Documents to boost financial inclusion in Zambia launched


Government has launched two documents meant to enhance the financial inclusion agenda in Zambia.

These are the National Financial Inclusion Strategy II (2024-2028) and the 2017-2022 National Financial Inclusion Strategy Review Report.

Finance and National Planning Minister, Situmbeko Musokotwane, said the launch of these documents reaffirmed government’s commitment to enhancing the financial inclusion agenda in Zambia.

Musokotwane at the launch of the documents in Lusaka on Wednesday noted that the documents represented an important milestone towards a realisation of the vision of having a financially included Zambian population by 2030.

“You will therefore, agree with me that financial inclusion contributes to financial stability and financial health through the diversification of financial assets especially among such segments as the underserved or unserved,” he said.

At the same function, United Nations (UN) Resident Coordinator in Zambia, Beatrice Mutali, observed the need to deepen access to certain financial services such as credit, insurance and investments, in order for inclusion to become a more meaningful metric.

Mutali said this was despite Zambia recording growth in the uptake of mobile money services.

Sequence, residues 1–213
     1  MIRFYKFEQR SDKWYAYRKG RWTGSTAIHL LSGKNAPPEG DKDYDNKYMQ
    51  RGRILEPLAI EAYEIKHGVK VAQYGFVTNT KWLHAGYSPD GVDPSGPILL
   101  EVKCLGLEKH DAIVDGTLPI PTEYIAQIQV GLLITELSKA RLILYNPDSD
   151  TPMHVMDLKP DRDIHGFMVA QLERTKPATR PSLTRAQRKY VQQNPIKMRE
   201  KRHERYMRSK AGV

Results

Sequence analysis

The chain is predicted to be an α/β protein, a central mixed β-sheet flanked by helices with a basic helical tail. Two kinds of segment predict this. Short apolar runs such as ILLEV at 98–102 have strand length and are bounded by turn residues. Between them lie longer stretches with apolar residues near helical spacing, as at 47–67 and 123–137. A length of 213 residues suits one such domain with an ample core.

The UN, she said, had developed initiatives together with the public and private sector, which aimed at driving financial inclusion and the expansion and deepening of the financial sector in Zambia.

“These include: supporting the digitalization of utility payments, supporting financial education efforts, developing enabling regulatory instruments for financial innovation and derisking lending to Small and Medium Enterprises (SMEs),” Mutali said.

Meanwhile, Achim Fock, World Bank Country Manager for Zambia, called for stakeholder collaboration in enhancing financial consumer protection and capability, which he said was aptly identified as a cross-cutting area in the NFIS.

Fock stated that it was imperative to harness the potentials of innovation and collaboration to further drive infrastructure enhancements, thereby encouraging greater uptake of digital financial services and creation of more inclusive products.

“These efforts should be backed by suitable regulatory frameworks to address risks linked with emerging products, with a focus on averting the unintended consequences of digital development that could worsen inequality.

“Additionally, we recognise that various initiatives led by the government, development partners and the private sector are currently in place, targeting a wide range of development issues, including poverty, education and economic empowerment,” he concluded.

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